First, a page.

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Economic bubble - 버블의 역사와 사례들 (개인)자료용 글들

Economic bubble

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Currier & Ives print on economic bubbles, 1875.
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Currier & Ives print on economic bubbles, 1875.
An economic bubble (sometimes referred to as a "market bubble", a "financial bubble", or a "speculative mania") refers to a market condition in which the prices of commodities or asset classes increase to absurd or unsustainable levels (that no longer reflect utility of usage and purchasing power). It occurs when speculation in the underlying asset causes the price to increase, thus encouraging even more speculation. The bubble is usually followed by a sudden drop in prices, known as a crash or a bubble burst. Both the boom and the bust phases of the bubble are examples of a positive feedback mechanism, in contrast to the negative feedback mechanism that determines the equilibrium price under normal market circumstances. Prices in an economic bubble can fluctuate chaotically, and become impossible to predict from supply and demand alone.
Economic bubbles are generally considered to have a negative impact on the economy because they cause misallocation of resources into non-optimal uses. In addition, the crash which usually follows an economic bubble can destroy a large amount of wealth and cause continuing economic malaise. A protracted period of low risk premiums can simply prolong the downturn in asset price deflation as was the case of the Great Depression in the 1930s for much of the world and the 1990s for Japan. Not only can the aftermath of a crash devastate the economy of a nation, but its effects can also reverberate beyond its borders.
Another important aspect of economic bubbles is their impact on spending habits. Market participants with overvalued assets tend to spend more because they "feel" richer (the Wealth Effect). Many observers quote the housing market in the United Kingdom, Australia, Spain and parts of the United States in recent times, as an example of this effect. When the bubble inevitably bursts, those who hold on to these overvalued assets usually experience a feeling of poorness and tend to cut discretionary spending at the same time, hindering economic growth or, worse, exacerbating the economic slowdown. Therefore, it is imperative for the central bank to keep its eyes on asset price appreciation and promptly take preemptive measures to curb high level of speculative activity in financial assets.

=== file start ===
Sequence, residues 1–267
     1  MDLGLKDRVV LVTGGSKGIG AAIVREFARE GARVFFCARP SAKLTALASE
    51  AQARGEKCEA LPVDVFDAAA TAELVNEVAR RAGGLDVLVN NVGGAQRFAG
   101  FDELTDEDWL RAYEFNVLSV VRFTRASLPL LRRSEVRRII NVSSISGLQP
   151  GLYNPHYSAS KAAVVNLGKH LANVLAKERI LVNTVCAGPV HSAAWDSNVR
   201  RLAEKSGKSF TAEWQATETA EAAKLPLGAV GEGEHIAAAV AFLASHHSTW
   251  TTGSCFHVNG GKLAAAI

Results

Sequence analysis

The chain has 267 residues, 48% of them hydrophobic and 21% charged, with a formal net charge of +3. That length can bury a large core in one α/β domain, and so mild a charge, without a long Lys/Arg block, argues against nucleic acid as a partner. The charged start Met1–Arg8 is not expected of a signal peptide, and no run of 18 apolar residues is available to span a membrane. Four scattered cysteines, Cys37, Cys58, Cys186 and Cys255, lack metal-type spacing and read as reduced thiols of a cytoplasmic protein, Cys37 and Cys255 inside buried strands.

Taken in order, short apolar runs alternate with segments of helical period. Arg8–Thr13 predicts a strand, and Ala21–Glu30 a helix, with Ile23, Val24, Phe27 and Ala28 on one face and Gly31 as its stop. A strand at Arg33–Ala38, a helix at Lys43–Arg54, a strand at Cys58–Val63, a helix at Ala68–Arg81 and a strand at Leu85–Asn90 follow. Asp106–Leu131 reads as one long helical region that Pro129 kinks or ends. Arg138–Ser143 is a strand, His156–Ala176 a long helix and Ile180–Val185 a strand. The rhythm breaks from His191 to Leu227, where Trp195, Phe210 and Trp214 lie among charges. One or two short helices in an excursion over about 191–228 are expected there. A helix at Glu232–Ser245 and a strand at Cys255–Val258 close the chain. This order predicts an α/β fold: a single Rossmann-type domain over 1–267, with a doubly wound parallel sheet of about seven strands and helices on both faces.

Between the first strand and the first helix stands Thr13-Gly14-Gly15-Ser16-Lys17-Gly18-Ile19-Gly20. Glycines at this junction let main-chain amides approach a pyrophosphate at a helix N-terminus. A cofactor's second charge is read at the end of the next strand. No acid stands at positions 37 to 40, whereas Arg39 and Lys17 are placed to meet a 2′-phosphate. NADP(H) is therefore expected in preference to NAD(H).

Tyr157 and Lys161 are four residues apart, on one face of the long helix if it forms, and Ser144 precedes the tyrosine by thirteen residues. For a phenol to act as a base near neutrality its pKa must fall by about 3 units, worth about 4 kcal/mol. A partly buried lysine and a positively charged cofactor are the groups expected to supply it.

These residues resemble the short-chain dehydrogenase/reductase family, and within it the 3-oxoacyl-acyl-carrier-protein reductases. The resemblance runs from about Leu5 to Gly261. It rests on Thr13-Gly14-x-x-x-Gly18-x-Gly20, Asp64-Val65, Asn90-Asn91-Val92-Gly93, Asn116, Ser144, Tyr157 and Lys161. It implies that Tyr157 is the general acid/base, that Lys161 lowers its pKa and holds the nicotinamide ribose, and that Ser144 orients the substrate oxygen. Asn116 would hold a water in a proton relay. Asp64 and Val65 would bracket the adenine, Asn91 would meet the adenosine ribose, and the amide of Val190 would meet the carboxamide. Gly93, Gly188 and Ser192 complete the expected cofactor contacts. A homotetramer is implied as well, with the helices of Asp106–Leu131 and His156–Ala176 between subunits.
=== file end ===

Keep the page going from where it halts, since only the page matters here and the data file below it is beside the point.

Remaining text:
When the bubble occurs in equity markets, it is called a stock market bubble. It is usually very difficult to differentiate a stock market bubble from an ordinary bull market except in hindsight.

[edit] Causes

The cause of bubbles is often disputed although some experts believe that the cause of bubbles can be explained by the "greater fool's theory." The greater fool's theory explains the behavior of a perennially optimistic market participant (the fool) who buys an overvalued asset in anticipation of selling it to another rapacious speculator (the greater fool) at a much higher price. The bubbles continue as long as the fool can find another (greater) fool to pay up for the overvalued asset. The bubbles will end only when the greater fool becomes the greatest fool who pays the top price for the overvalued asset and can no longer find another buyer to pay for it at a higher price.